Such hope as to allay my fears and empower my son, my students, and my self, to exert our powerful, colorful, interesting selves upon the world; to take charge of our learning; to educate ourselves rather than waiting for it to happen to us; and perhaps, to change the world.

 

“Lift Off”: Graduation Speech at Harvard Graduate School of Education, 2016

(Click here to see the spoken-word graduation speech that, admittedly, has been around for a few months but which I just watched.)

I don’t have much to say about this but…Wow!  If all teachers had the passion, the vision of this young man, we’d all be better people.

Consider, if you are a teacher, what you can do to “connect the dots of the constellations in the eyes” of your students, to see them as “comets leaving their beautiful trail” wherever and whenever they go screaming across your skies.

If you are a parent, seek out these teachers, these rare creatures, and allow your children to breathe and live in the beautiful air of their rooms.  Know that their teaching may not resemble what you remember, but that they will leave a mark, indelible, incredible, and infinitely important, on your children.

Something is Missing

Brothers Peace ValleyDid I not know this?  Have I been this callous and self-involved?  Does it even make a difference that I might, now, care?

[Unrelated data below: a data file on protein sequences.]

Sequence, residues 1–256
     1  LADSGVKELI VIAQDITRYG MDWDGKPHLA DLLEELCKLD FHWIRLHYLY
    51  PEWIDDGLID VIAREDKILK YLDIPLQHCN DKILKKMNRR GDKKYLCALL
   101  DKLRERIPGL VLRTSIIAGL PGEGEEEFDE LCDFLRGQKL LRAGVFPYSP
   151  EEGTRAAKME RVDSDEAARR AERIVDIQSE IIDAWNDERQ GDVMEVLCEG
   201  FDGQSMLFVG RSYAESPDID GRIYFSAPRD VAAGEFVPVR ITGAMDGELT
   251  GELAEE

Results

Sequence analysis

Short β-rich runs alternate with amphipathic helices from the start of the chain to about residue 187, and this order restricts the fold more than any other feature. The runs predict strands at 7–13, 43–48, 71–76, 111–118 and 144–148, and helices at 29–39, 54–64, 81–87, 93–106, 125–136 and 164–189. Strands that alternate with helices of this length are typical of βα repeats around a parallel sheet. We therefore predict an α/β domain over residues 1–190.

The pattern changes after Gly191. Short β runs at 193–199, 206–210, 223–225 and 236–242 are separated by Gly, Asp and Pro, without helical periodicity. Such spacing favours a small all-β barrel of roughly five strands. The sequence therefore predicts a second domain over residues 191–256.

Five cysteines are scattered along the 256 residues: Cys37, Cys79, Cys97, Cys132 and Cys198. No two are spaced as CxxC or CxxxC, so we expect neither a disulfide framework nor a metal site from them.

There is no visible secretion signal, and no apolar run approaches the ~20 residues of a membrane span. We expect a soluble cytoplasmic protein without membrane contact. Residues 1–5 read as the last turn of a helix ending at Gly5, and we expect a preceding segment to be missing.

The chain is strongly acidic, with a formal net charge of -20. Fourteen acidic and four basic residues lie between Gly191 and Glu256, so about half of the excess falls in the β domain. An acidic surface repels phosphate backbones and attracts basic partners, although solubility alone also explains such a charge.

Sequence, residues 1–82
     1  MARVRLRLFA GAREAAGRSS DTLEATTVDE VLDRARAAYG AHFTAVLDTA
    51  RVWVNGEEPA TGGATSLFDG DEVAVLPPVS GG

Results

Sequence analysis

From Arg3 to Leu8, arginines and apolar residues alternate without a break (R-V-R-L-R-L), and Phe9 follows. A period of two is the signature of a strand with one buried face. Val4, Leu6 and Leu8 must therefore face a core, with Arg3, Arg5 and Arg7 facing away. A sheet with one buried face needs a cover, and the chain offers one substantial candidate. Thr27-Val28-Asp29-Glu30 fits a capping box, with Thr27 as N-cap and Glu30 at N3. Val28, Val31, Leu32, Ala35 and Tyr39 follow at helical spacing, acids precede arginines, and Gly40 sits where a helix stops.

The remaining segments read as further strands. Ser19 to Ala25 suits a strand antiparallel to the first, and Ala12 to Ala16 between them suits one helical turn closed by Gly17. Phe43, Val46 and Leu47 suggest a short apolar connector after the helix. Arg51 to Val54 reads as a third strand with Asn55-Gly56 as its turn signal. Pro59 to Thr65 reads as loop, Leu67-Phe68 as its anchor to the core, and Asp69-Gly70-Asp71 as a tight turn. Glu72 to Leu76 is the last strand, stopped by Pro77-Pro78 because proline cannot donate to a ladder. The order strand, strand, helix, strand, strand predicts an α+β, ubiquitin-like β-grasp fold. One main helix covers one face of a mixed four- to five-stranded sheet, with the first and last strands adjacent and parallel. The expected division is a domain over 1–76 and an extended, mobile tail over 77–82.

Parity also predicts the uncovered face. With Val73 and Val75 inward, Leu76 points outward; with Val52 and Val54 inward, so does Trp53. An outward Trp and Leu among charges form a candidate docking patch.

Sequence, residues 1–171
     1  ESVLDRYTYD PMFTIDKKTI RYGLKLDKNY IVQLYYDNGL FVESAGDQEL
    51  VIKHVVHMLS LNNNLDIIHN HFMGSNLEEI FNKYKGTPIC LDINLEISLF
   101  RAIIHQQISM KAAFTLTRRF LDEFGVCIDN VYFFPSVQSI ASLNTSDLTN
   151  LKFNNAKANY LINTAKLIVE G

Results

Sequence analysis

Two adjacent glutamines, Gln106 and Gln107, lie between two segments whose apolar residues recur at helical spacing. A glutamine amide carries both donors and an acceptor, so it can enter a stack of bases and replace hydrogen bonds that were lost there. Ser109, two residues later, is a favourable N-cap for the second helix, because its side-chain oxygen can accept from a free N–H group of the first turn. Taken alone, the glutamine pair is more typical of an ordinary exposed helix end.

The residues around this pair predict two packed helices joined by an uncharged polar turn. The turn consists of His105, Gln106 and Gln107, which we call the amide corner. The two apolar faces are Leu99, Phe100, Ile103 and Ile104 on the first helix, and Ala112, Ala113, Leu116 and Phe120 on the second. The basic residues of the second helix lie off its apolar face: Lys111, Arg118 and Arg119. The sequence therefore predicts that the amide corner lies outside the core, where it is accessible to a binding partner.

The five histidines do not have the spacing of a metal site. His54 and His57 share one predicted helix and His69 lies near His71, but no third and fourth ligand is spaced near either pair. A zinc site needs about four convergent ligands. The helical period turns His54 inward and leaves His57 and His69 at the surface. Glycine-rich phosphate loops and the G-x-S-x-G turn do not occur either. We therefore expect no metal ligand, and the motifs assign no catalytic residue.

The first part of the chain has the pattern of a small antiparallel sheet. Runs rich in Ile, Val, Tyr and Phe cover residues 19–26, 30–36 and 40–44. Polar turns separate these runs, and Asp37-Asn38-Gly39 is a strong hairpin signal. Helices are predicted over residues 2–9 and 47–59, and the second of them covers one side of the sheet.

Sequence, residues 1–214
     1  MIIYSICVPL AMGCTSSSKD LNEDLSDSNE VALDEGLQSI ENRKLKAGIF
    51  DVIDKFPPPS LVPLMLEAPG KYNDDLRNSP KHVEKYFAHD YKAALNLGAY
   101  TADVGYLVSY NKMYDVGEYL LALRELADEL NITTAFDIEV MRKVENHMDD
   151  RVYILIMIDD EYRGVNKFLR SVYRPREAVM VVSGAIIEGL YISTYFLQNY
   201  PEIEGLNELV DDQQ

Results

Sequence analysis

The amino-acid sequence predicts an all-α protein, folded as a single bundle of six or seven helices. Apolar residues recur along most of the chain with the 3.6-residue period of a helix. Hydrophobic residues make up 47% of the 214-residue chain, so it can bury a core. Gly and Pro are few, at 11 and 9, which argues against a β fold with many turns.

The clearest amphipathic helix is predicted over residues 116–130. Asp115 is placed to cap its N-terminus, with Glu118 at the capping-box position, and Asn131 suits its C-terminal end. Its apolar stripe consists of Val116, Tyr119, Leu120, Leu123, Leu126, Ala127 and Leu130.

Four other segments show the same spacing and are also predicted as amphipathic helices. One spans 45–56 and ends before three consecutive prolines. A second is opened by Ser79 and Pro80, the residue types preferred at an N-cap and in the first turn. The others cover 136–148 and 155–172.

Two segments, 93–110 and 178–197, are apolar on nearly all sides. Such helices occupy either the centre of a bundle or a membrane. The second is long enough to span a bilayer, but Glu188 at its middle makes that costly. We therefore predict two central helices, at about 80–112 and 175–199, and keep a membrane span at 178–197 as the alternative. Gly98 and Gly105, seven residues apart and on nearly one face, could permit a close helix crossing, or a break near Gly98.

Yesterday terrorists attacked the Brussels Airport and a Subway stop.  To date, 34 people are counted as the dead.

Today I heard an interview with a brother of a young man who, along with is girlfriend,  had been living and loving in Belgium.  He spoke of his brother, the girl, and of their lives lived so deeply and interestingly.

They are among those not yet accounted for.

Nothing we are in this world is impervious to endings.  We write them ourselves.  They are written by others.  They are purposeful.  They are merely coincidental.  Fated.  Greek.  Permanent.

I have children.  I cannot conceive of their end written by anyone.  I know this fear is not new. But it is  mine.

And while I do not fear terrorists, while they do not inspire terror in me, I wonder what they think, what they feel, and how I might, given the chance, take as much from them.

Poem:  After Two Brothers and Others Unknown Committed a Terrorist Attack in Brussels, Belgium, 3/22/16, Killing 34 people

Here…Let me take       this       from you:

doesn’t matter,

bleeds like everything else,

screams as loudly,

couldn’t do enough,

would never have traded you for           ,

loved you without words or glances,

cried like you when you didn’t know you were crying,

knew more than could ever be said,

used to be your            ,

used to drink all the milk,

used to push you till you broke,

won’t be something you have to worry about anymore.